• Doesn’t this food look good? Arghhhhhhh, I wouldn’t know. That’s just me feeling a bit lowdown today. Some days are better than others. This picture was taken on one of our days in Israel last month. We visited a Druze village and were met with the most gracious hospitality. The host of our visit served a meal to all 39 people on our tour. And 37 of us could eat it. Me and the young girl with the peanut allergy brown bagged it with food from the hotel. I did feel just a tad bit sorry for myself, as everyone chowed down with squeals of delight. Mostly I am just grateful to not have the tummy rumblings so familiar to me when I eat gluten. But then there are times when 37 other people are eating what you’d love to eat, but can’t, and you wonder whether you were standing in the wrong line when small intestines were being delivered.

    I’ve begun to think about strategies for how to successfully navigate my way through the waters of Celiac (get it, the waters of Babylon?!?!….oh, that was really bad and dumb). For example, when we’re invited to dinner at a friend’s house, I’m just going to bring my own food. At least for now, while I’m in healing mode. Maybe when my blood levels get back to normal, I’ll be less stringent. Although maybe by then I’ll feel so much better that I won’t want to take a chance. Or perhaps I’ll pack my own traveling bag that has a cutting board, knife, etc. in it. So that when I arrive, I can help prepare the food using my own utensils and tools. Of course, I’ll have to explain to the host prior to our arrival. And that opens up a whole other barrel of challenges. Like how to do it and not make the host or hostess feel insulted. Yup, I’m struggling here.

    At first I thought it was unnecessary to waste time talking with my therapist about my Celiac Disease (yes, I’m really owning it now). But not anymore. I can see that the issues I’ve always grappled with are just “more of the same” when it comes to CD. The disease just gives me another parking space for my issues. So, how is it that someone who performs in front of hundreds of children and parents, gives keynote speeches in front of thousands of teachers, doesn’t have the moxie to tell her friends that they need to be more understanding? That no, I’m not going overboard when I say I needed to get rid of all of our wooden utensils and cutting board and colander and buy new ones. To tell them to be more patient as I try to understand how to live with CD. Don’t know the answer yet. I’m working on it. But it’s simmering just below the surface. I just need to figure out a way to deliver the information without blowing a gasket.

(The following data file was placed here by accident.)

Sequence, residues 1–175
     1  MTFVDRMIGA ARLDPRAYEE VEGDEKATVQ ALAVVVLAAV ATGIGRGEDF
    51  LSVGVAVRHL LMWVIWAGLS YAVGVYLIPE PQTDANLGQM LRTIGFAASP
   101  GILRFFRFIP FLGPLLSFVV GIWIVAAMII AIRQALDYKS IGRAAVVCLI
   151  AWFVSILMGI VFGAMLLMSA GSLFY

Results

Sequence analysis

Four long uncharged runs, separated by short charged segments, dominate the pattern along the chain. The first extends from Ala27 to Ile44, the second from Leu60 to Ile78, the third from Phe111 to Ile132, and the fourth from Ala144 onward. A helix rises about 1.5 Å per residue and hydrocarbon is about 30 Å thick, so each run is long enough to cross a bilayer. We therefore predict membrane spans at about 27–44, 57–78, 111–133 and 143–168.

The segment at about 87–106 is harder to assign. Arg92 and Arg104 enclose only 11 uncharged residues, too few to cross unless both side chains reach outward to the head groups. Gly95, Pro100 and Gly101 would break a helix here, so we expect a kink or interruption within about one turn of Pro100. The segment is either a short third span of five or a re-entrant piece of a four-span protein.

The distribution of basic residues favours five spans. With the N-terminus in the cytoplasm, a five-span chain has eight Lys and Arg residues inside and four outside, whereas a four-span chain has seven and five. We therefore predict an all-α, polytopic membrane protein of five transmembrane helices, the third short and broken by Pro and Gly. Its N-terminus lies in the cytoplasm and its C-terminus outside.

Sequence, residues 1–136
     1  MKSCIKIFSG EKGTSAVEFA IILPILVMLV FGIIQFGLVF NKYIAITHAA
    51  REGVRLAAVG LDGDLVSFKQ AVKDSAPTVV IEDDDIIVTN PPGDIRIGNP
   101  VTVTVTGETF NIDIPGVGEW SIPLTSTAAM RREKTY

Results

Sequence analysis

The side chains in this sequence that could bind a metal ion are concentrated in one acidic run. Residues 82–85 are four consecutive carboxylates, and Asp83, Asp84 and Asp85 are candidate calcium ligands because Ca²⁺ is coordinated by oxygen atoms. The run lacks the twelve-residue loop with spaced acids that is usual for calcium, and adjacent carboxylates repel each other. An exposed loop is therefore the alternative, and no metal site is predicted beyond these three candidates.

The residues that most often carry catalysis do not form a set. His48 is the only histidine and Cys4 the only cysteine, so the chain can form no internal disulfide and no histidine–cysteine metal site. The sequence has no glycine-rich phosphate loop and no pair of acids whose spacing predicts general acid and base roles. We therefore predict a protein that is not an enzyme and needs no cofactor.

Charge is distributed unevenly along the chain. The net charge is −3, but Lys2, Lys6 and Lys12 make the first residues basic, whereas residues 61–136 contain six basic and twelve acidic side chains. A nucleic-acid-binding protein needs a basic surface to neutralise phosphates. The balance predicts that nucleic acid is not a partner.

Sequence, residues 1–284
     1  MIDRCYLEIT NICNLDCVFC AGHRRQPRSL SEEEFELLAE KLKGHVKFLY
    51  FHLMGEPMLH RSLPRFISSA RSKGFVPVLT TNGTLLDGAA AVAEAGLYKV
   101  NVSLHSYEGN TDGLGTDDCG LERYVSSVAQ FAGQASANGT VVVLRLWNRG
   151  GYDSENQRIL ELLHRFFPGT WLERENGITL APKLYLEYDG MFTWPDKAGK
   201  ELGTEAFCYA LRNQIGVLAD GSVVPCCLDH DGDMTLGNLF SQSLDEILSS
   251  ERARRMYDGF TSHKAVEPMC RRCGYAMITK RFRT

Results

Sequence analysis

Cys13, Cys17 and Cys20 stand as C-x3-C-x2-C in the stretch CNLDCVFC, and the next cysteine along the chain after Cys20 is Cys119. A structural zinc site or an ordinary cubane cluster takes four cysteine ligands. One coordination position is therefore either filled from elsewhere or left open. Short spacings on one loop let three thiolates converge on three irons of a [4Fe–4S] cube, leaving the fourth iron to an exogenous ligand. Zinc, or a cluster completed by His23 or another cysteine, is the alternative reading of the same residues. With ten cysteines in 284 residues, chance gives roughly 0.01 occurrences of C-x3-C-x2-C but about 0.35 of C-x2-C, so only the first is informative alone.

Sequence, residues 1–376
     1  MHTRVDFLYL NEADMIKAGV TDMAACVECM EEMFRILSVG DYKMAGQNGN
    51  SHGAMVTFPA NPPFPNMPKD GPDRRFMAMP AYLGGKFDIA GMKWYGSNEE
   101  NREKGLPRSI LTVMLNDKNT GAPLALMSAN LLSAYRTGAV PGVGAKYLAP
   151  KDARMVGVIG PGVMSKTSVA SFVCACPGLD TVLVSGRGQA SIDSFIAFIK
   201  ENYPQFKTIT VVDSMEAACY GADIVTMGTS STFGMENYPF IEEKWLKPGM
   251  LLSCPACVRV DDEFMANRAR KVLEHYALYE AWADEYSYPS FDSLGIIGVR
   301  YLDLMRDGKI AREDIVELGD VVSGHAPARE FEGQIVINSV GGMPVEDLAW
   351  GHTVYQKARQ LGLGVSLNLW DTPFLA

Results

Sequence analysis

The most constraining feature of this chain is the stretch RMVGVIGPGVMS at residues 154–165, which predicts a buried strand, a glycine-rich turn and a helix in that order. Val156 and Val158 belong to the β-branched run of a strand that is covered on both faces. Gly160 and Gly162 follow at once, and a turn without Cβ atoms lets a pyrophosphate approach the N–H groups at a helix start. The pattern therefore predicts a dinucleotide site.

Now, on to another subject. I am eating more cookies and protein type bars than I ever did pre-Celiac. What the heck is going on? The moment I see anything that says gluten-free, I’m all over it. If I like it, it becomes a regular part of my diet. I’m going to gain weight, or so says the Dr. Kelly (my GI doc). But I won’t know whether I’m gaining it from eating more cookies and cake and bread than I’ve ever eaten in my life, or because I’m finally absorbing the nutrients in the food I’m eating!

    And finally, let me say that thanks to a friend, I’ve discovered a source for gluten-free hamentaschen, just in time for Purim. The hummies (that’s what we affectionately call them) are being delivered to our doorstep in the next few days, along with decadent GF brownies and GF bread. They’re coming from a bakery in Royal Oak, Michigan called Sugar Kisses. I’m almost as excited about this order as I am about the new camera we’re about to get. Really, you’d think I’d won the lottery!

    Off to make dinner. Hopefully, the new camera (yup, the camera never made it off the plane when we flew home from Israel) should be here by tomorrow or the next day. Then I’ll be able to take pictures again. Lovely GF food pictures by me, because IAMGLUTENFREE!!!

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